West Coachella Valley set for marijuana 'green rush'
On a recent Thursday morning, a crowd gathered in the parking lot of a Desert Hot Springs gas station to welcome the latest new business to the struggling city.
Mayor Adam Sanchez stood in front of the shop's refurbished storefront and cut the ribbon with giant scissors — just as he would for a restaurant, tire store or hair salon — before talking about how perfectly Sun Grow would fit into Desert Hot Springs' healthy "spa city" image.
Sun Grow is the first permitted medical marijuana dispensary to open in Riverside County, outside of Palm Springs.
It's also the first shop to launch as part of a new wave of businesses coming to the western Coachella Valley, contributing to the fast-paced growth of legal marijuana businesses seen across the country.
At least a half dozen more local medical pot stores are expected to follow.
Known as the "Green Rush," a play on the Gold Rush that built California in the 19th century, legal marijuana has grown nationally into a $2.7 billion industry, with half of it in California, according to one industry report.
National cannabis sales for 2015 are expected to climb another 30 percent to $3.5 billion.
"The main draw of this industry is you can make a lot of money if you operate your business well," said Chris Walsh, managing editor of Marijuana Business Media, a company that conducts market research on the marijuana industry and publishes the online Marijuana Business Daily.
"It's not a guaranteed path to being a millionaire by any means," he cautioned.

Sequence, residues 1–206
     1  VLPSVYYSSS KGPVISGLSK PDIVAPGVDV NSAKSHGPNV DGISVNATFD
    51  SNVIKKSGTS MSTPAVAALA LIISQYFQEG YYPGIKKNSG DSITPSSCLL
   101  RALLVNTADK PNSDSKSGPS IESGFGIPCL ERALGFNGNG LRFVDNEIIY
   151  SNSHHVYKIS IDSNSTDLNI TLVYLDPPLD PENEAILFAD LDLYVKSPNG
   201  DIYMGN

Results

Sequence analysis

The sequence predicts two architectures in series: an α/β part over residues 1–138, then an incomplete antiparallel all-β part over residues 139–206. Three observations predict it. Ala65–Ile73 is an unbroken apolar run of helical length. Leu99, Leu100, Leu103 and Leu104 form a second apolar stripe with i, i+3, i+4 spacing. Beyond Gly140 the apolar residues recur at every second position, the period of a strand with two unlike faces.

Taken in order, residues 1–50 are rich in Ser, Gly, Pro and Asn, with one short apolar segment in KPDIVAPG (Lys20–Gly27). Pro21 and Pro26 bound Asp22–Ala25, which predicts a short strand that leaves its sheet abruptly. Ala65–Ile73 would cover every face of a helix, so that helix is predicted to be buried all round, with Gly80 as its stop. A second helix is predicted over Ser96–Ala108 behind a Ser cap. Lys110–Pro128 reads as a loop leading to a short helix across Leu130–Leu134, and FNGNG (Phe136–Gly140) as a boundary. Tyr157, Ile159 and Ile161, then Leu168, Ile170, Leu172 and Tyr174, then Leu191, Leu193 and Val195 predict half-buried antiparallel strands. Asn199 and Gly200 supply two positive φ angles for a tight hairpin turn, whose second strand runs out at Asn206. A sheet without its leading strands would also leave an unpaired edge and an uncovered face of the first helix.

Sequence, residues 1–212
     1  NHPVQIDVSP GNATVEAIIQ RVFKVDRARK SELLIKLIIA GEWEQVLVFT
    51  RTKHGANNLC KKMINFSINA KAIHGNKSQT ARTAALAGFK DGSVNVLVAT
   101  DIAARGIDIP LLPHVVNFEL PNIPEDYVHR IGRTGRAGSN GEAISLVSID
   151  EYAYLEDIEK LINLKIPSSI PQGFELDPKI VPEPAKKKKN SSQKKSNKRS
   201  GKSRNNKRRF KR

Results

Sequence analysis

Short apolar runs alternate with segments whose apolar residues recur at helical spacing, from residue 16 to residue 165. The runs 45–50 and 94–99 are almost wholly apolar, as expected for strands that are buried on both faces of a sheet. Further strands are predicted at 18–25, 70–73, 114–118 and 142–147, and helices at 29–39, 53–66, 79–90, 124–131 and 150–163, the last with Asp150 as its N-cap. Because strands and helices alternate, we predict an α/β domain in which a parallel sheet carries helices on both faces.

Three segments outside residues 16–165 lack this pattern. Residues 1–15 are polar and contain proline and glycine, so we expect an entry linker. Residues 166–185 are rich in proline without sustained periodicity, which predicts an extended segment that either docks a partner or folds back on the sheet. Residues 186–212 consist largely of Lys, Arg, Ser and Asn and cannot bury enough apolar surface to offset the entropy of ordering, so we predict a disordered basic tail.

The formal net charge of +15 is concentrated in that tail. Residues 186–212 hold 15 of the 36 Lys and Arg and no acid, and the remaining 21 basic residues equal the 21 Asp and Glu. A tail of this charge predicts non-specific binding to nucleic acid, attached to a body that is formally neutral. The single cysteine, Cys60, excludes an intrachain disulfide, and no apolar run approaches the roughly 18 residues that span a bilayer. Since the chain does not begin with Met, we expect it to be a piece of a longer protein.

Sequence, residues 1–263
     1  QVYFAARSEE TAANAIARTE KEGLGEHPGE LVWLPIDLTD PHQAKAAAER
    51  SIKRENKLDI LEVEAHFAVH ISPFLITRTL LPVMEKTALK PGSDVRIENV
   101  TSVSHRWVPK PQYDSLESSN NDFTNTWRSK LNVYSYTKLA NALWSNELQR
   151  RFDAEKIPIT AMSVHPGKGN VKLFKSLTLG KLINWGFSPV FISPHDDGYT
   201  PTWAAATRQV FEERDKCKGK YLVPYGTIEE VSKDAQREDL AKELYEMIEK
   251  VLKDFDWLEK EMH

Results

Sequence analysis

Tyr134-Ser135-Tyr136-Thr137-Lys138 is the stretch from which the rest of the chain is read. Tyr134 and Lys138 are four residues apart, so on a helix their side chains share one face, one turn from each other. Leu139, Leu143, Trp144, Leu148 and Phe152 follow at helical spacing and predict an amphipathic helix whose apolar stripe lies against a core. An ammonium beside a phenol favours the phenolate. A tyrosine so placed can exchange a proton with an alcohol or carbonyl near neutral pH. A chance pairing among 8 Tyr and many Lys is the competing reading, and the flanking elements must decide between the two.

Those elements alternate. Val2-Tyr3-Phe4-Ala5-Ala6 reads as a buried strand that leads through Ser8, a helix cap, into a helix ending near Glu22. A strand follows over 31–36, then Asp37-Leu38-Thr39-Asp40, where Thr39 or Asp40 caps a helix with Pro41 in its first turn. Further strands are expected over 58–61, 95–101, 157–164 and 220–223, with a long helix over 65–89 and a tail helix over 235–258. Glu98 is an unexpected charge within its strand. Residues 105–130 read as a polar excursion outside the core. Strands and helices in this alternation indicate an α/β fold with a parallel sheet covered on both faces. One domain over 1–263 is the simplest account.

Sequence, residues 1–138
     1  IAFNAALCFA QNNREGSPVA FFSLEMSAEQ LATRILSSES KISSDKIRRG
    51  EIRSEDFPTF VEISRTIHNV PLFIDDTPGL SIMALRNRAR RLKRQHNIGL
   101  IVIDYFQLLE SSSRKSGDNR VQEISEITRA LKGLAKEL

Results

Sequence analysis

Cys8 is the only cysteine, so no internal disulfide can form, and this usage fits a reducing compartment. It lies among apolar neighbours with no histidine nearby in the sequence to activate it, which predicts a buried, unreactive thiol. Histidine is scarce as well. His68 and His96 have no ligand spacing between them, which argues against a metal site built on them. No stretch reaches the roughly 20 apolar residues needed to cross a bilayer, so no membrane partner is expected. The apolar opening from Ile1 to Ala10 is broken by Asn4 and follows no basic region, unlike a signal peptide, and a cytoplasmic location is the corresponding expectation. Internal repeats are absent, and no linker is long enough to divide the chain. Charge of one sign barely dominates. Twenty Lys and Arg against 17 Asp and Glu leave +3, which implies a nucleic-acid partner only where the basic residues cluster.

But the dollars going in and out of a single dispensary can easily reach into the millions. Annual revenues for a store can range from $100,000 for a small operation in a rural area to tens of millions of dollars in a major city, Walsh said.
Sun Grow representatives declined to discuss revenue projections. But they but did say the dispensary was on pace to generate $9,000 in tax revenue for Desert Hot Springs in the first month.
Two states join Colorado as it defends its marijuana law against suit
Washington and Oregon on Friday joined Colorado in defending its recreational marijuana law against a suit brought by two of its neighboring states.
In a filing, Colorado asked the Supreme Court to dismiss the lawsuit — filed by Nebraska and Oklahoma — arguing that it makes a “dangerous use” of legal argument that would leave marijuana legalization in place but largely strip the state of its power to regulate the new industry.
“My office remains committed to defending Colorado’s law,” Attorney General Cynthia Coffman said in a statement. “At the same time, I share our border states’ concerns regarding illegal marijuana activity, and my office, as well as our partner state and local law enforcement agencies, are committed to stopping marijuana diversion. This lawsuit, however, even if successful, won’t fix America’s national drug policy — at least not without leadership from Washington, D.C., which remains noticeably absent.”
In their December lawsuit, the two states argue that Colorado’s recreational marijuana law violates the supremacy clause of the Constitution, which states that federal laws takes precedence over state law, and asked the Supreme Court to intervene. Among the arguments made, Oklahoma and Nebraska suggest that Colorado’s regulation of the industry violated the federal Controlled Substances Act, according to the filing:
Colorado’s commercial marijuana scheme is preempted by the CSA, and is thus null and void. The continued operation of Colorado’s scheme, despite its nullity, harms not just the Plaintiff States, but also the dozens of other States who have seen Colorado-grown marijuana cross into their borders despite state and federal law to the contrary.
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